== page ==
They have the weather right, that’s for sure. The day was blustery and cold. But they also have everything else right, too, and for a magazine article about a topic as nuanced as religion and the secular, that is an amazing feat.
Thank you to Managing Editor Jaren Kerr and journalist Tom Yun for a great article exploring what Toronto Oasis is all about and why most people think of it as being Outside the Circle.
“February 12, 2017 was a Sunday. The roads were treacherous and the sidewalk was slippery. There was a snowstorm; the kind that encourages most people to stay in their homes, but that didn’t stop over 100 people from visiting U of T to talk about anything other than God.
“The first gathering — service, meeting, it’s still not decided what to call it — of the Toronto chapter of the Oasis network was held in the Koffler House Multi-Faith Centre. The Oasis network, established in the US, provides a community similar to that of a church or a mosque for the non-religious, the secular, the skeptical, and the curious.
We have the address. We’ve checked out the room. Flicked the light switches on and off and on and off again. We even know where the tables and chairs are stored. But figuring out how everything is going to work is not something we want to be doing on our big day. So, we’re getting together this Sunday, February 5th, for a “soft launch” and you’re invited.
What we mean by a “soft launch” is that we will arrive at the planned set-up time – 10:00 a.m. – and we’ll run through everything we’re going to need to run through to ensure as smooth a launch possible. We’ll set up the chairs and time how long it takes us to do that. We’ll plug in the sound system to make sure we know how to use it for the big day and every Sunday following. We’ll brew some coffee and figure out how long that takes, too, and figure out where to put the cookies. In fact, we’ll run through as much as we possibly can so that next week, when Toronto Oasis officially launches, we’ll be able to set up easily and focus on the fun.
But we don’t want to be exclusive about it so we’re inviting you to join us. Yep. This Sunday. The 5th. If you’re interested in getting involved with Canada’s first Oasis community, this is your first opportunity. And you’ll get to hang with some awesome people, see some of the obligatory bloopers, and then head off for Superbowl Sunday at a local hangout.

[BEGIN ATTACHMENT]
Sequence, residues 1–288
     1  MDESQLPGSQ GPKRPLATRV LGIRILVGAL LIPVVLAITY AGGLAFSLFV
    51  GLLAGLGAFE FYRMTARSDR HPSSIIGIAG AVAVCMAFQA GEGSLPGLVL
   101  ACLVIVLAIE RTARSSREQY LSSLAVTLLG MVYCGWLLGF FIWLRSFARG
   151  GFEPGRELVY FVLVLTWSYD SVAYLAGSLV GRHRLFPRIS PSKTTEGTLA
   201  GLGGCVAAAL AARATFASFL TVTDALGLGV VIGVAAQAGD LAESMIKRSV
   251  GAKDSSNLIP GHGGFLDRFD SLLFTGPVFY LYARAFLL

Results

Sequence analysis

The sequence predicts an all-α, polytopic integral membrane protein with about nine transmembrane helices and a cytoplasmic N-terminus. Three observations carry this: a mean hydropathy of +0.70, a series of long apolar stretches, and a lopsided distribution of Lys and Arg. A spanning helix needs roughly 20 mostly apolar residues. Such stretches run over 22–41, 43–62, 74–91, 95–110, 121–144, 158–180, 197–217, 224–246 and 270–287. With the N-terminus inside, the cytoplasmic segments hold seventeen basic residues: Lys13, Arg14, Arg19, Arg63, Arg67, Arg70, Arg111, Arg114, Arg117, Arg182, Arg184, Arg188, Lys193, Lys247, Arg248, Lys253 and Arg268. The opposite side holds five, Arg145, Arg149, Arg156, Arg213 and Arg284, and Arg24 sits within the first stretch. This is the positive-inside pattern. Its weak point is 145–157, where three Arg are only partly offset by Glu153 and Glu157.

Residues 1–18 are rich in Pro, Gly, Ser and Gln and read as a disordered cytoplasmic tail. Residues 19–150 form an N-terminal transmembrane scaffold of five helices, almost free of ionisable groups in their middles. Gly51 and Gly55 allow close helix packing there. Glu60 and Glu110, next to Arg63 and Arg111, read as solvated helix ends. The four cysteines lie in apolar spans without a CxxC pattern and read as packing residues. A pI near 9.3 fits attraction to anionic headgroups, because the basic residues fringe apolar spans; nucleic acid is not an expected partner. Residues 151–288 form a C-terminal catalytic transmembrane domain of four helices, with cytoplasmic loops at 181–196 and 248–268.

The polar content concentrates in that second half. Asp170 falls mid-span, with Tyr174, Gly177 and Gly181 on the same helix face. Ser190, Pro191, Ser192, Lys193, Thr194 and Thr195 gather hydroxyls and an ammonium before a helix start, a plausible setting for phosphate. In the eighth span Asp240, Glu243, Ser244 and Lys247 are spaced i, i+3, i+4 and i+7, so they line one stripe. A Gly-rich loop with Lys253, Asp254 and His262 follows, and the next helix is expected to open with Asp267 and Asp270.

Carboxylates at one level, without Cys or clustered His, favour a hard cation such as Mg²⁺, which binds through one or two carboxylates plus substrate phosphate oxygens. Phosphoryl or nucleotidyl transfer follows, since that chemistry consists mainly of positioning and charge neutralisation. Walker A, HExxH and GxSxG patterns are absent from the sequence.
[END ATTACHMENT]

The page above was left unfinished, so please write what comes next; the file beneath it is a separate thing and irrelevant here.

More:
Sound like fun? Great! Send us an email and let us know you’re coming or just show up at 10 and lend a hand. We’ll be glad to have you with us!
We are delighted to announce the speaker for Toronto Oasis’ launch. Rick Miller has been a theatrical force for good over the course of his amazing career as a writer, actor, director, and collaborator. Now, he comes to Oasis to share some of his contagious enthusiasm for what is good, what is right, and what is downright awesome.
Rick showed up on the radar of those exploring progressive religious thought when, collaborating with Daniel Brooks and Beth Kate‘s, he created and performed the provocative Bigger Than Jesus in 2004. The play, a critical exploration of the assumptions of Christianity, was a sensation and after its award-winning run in Toronto, went on to play in five different countries in four different languages (all by Rick, of course!).
But Rick’s interests are broader than just religion. In HARDSELLhe explored the corporatization of our lives; in MacHomer, he uses his spectacular talents to act out MacBeth by mimicking the voices of over fifty characters from The Simpsons; in BOOM, he brings the entire history of the boomer generation to life through song, story, and a brilliant interweaving of the lives of ordinary three people. Children have been entranced with the Kidoons project and 20,000 Leagues Under the Seacaptivates all ages. Rick has been an outspoken and creative advocate for Plan Canada’s Because I am a Girl project. He is now working on his next theatrical production, MONEY.
Toronto Oasis, Canada’s first secular Oasis community, is scheduled to launch on February 12th at the University of Toronto’s beautiful Multifaith Centre, Koffler House, 569 Spadina Avenue. The site is accessible. Child care will be provided. Our gathering will officially start at 11:00 but we encourage you to come early to meet others, have a coffee, and help create the energy that Toronto Oasis is sure to build. Plan to stay for a bit after the program to chat with Rick and others about how Toronto Oasis might fit into your life, too.